The New York Times has a fascinating look at attitudes and practices around sexual consent at the University of Albany, one of the New York schools subject to heightened “affirmative consent” standards under Democratic Gov. Andrew Cuomo’s executive order last year.
While the author, freelance writer Sandy Keenan, incorrectly equates being “really drunk” with “incapacitation,” her interviews with students and administrators illustrate the low expectations that even supporters have toward the rules, recently enacted across the state:
Tyler Frahme, a University at Albany junior, had never even heard of affirmative consent, the unequivocal O.K. to sex that is mandated by state law. Nor was he in the habit of asking women for permission to proceed at every new juncture of sexual activity. …
Mr. Frahme turned defensive, even a little combative, after I introduced him to the legislation.
“Do you think this is a gender-neutral policy?” he demanded. “All these policies cast men in a predatory light. Most guys aren’t like that.”
Frahme’s female friend denied that it was a “mood kill” to ask for consent, but it’s not clear she realized the law vaguely tells students that getting permission for “one form of sexual activity” doesn’t imply consent for “any other,” and Keenan herself doesn’t seem to realize the murkiness of this directive (what if you change sexual positions without permission?).
“Only a few [students] knew about” the new affirmative-consent regime, Keenan writes:
“The policy has changed but nobody knows,” said Carol Stenger, a sex educator who directs the university’s Advocacy Center for Sexual Violence. …
Ms. Stenger tries to keep her message simple: “Think of it as borrowing a cellphone. You wouldn’t just take it. You’d ask for it first.” She’s been gathering and creating social scenarios to introduce consent at freshman orientation this summer. Upperclassmen will pose provocative statements, especially related to drinking.
Of course, the new regime is more like having to ask for permission to dial every new phone number after borrowing the phone. But Stenger’s tacit message to young women – that they can drink all they want with no consequences – is more troubling:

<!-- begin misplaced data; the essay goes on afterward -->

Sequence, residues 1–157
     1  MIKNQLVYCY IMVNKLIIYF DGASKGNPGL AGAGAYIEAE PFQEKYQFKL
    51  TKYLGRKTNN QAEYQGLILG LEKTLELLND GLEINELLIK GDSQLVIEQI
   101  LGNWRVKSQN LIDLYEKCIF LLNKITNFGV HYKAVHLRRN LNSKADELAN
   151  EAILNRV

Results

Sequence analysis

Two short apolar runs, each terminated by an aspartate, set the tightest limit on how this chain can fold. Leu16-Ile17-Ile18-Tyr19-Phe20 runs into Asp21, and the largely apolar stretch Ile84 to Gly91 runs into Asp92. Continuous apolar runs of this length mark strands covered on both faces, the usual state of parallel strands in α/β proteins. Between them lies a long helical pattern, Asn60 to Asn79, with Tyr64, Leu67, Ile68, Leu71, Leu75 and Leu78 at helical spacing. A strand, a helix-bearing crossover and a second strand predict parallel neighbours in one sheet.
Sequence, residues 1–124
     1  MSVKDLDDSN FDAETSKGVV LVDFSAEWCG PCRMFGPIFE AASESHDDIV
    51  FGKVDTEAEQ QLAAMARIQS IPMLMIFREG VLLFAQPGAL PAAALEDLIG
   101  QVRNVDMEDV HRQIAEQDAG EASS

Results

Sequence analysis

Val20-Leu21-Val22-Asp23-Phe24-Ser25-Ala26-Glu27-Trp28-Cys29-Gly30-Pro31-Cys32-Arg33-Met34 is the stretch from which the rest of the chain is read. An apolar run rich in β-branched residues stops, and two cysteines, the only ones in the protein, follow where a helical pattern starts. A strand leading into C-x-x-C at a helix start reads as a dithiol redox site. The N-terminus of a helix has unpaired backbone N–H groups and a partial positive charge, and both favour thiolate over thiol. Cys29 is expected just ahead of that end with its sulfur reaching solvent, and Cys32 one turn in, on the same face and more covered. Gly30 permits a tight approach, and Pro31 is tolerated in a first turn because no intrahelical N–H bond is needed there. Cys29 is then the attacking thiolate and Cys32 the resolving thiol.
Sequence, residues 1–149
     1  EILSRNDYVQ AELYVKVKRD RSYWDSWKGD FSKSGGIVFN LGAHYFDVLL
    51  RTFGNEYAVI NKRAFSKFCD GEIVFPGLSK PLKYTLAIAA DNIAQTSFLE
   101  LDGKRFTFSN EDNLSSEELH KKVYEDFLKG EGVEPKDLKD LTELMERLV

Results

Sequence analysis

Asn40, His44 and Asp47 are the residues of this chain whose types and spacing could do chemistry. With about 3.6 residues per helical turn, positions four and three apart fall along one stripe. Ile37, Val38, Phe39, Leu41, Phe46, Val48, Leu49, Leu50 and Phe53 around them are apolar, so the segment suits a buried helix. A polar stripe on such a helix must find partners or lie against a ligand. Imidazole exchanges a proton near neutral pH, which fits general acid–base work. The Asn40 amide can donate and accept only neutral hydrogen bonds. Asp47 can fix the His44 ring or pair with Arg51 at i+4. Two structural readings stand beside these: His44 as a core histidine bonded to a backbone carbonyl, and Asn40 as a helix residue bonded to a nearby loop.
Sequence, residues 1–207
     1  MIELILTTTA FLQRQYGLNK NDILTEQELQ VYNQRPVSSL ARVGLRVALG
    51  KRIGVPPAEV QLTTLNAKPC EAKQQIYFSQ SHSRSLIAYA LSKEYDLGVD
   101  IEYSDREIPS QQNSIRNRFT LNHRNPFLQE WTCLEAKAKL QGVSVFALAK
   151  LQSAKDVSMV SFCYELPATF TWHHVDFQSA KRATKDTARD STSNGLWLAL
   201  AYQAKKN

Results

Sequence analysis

The biggest challenge Ms. Stenger faces, she says, is addressing the alcohol question because men and women think the situation is a wash when both are inebriated. “It makes me crazy,” she said. “They ask, ‘Am I still a victim?’ Yes!”
Keenan points to research that finds men tend to judge consent from body language, while women are waiting for a verbal request, in keeping with “traditional sexual scripts” that American society has imposed on them:
I met a boisterous foursome of women, all juniors and all transfer students who had gone through orientation last summer. …
After hearing a bit about [affirmative consent], Daniela Kelly said, “Not a lot of people are going to follow that.”
“That’s needed more for hookup culture,” said Shanice Stephenson.
“And besides, it would be impossible to monitor,” said Chinyere Leigh Richardson. “If they’d asked for our input, maybe we’d be more inclined to try it.”
Here’s how Frahme, the skeptical male student from the top, had changed his behavior when talking to Keenan a month later:
He now asks for consent once or twice during sexual encounters with women he knows well, and four or five times during more casual or first-time hookups. …
It’s getting to be a little more comfortable, he said. He crafts and poses questions like “You O.K. with this?” “Do you still want to go ahead?” and “Hey, you don’t have to do this if you don’t want to.”
Yet those “sexual scripts” keep getting in the way: “One woman he was having sex with for the first time accused him of being devious in asking for consent. She thought he was using reverse psychology to get her in bed.”